Giants

Is Bryce Harper bidding now two-team race between Giants, Phillies?

Is Bryce Harper bidding now two-team race between Giants, Phillies?

SCOTTSDALE, Ariz. -- Could it really be a two-team race for Bryce Harper?

In recent days, Giants officials have grown confident about the possibility that the Washington Nationals, the only team Harper has ever known, no longer were a factor. That's the case, NBC Sports Washington reported Friday.

"We've moved on," Nationals owner Mark Lerner told NBC Sports Washington. "As I said back then and we had to. There was no way we could wait around. Bryce, I'm sure will make his decision hopefully in the next few days, but we've filled out our roster and like I said, we wish him nothing but the best."

Throughout this lengthy process, many in the Giants organization have viewed the Nationals as the ultimate landing spot, assuming agent Scott Boras would take the best offer back to them at the end and ask them to top it. It now appears Harper's only shot to get more than Manny Machado's $300 million will be to sign with the Phillies.

Philadelphia still is the favorite, and in recent days, there have been reports that the sides have increased their dialogue. The Giants view the Phillies as the favorites, too, and they don't intend to do dollar-to-dollar with them.

But ... what if Harper just really does not want to play in Philadelphia, or land with an NL East rival. That's something the Giants have held on to, and they appear to be the last team standing if that's the case.

The Yankees, Cubs and Dodgers bowed out early, although you can never assume that Boras won't find a way to get one of them involved again. To that end, a Giants person pointed out this week that they had a good shot at Giancarlo Stanton before he made it known there were just four teams he wanted to play for, and he found his way to New York.

After missing out on Machado, the White Sox reportedly won't bid on Harper. It's just about impossible to see how the Padres could, given the fact they've had a $100 million payroll only once and have paid Machado and Eric Hosmer the past two offseasons. The Giants do not believe there's a Mystery Team out there.

The Giants met with Harper earlier this month and have been working to try and find a match. They have no intention of going over the $300 million mark, and that's still a significant hurdle. But so was the presence of the Nationals, and that hurdle has been removed.

[RELATED: Giants 'trying hard' for Bryce Harper, but not optimistic]

Well, probably. As always in this Harper chase, there's a bit of of confusion.

"But there's always that, the door's cracked a little bit," Lerner told NBC Sports Washington. "I have no clue at this point what (Harper and Boras are) up to. We really haven't heard from them in a couple months."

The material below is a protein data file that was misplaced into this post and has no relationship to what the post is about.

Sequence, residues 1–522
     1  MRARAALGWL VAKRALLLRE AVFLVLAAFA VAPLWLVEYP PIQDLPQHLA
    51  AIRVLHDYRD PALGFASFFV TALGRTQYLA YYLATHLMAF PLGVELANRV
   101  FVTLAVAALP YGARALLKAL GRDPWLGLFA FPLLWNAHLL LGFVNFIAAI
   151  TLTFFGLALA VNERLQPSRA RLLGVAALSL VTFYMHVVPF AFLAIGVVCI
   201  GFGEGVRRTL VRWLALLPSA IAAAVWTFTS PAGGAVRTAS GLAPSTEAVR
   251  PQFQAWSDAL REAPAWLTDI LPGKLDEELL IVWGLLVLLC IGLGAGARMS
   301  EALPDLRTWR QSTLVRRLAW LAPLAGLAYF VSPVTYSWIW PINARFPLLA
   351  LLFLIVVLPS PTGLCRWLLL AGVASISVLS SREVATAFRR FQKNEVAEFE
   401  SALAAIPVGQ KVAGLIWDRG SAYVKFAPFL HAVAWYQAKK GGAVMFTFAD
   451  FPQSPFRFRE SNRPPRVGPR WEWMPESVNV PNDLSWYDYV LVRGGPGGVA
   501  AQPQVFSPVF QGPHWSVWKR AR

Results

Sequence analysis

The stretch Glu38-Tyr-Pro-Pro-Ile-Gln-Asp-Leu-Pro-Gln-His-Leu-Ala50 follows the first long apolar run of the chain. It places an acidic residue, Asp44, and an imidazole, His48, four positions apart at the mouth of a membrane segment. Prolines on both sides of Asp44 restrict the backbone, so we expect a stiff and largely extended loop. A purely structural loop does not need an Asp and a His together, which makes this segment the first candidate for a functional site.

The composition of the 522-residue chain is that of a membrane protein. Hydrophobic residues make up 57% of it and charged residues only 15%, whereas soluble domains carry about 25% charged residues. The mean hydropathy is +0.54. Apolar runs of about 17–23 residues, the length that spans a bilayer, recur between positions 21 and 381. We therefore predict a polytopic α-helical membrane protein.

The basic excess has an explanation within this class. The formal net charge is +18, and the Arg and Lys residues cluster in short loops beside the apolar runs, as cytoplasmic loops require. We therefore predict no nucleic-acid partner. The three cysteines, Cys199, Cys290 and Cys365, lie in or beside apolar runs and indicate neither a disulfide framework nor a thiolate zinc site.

Giants' tentative 2021 MLB schedule includes odd Opening Day quirk

Giants' tentative 2021 MLB schedule includes odd Opening Day quirk

Have you fully digested the 2020 MLB schedule that was released on Monday? Good, because here comes the 2021 schedule! 

MLB released full schedules for next season, and the Giants once again open on the road, but this time in unfamiliar territory. For the first time in club history, the Giants will begin the season in an interleague park with a series in Seattle starting April 1. The Giants play their home opener April 9 against the Rockies. Here's the full schedule:

This will be the 12th consecutive season that the Giants open on the road, something they generally ask for so that they can finish the season at home and have more dates at Oracle Park when kids are out of school over the summer. They will begin the 2020 season in Los Angeles in two weeks (maybe).

[GIANTS INSIDER PODCAST: Listen to the latest episode]

The 2020 season kept teams in their own region as much as possible, which means that the Giants will play the AL West two consecutive years. They were supposed to play the AL Central this season. The Giants will visit the Texas Rangers' new park next June and also have road series in Anaheim and Oakland, in addition to that opener in Seattle. The schedule includes the usual slate of trips to New York, Philadelphia, Chicago, etc., so MLB is at least planning for the likelihood that society and travel are a bit more back to normal next year. 

If fans are allowed back into Oracle Park, there are a few series that stand out. 

[RELATED: Everything to know about the MLB season restart, Giants]

Mike Trout and the Angels visit May 31, Madison Bumgarner's Diamondbacks come for the first time on June 14, and the Houston Astros visit July 31 if you have a lot of pent-up booing you would like to do at some point in 2021. 

Marco Luciano, Joey Bart lead Giants' intriguing top prospects in camp

Marco Luciano, Joey Bart lead Giants' intriguing top prospects in camp

The simulated game at Oracle Park on Wednesday afternoon got the Giants a bit closer to being ready for their 2020 opener, and it also gave a huge glimpse of the future. 

Joey Bart and Patrick Bailey served as the two catchers for the early innings, Heliot Ramos was roaming the outfield and Will Wilson played at second base alongside Brandon Crawford. All four also got their turns at the plate.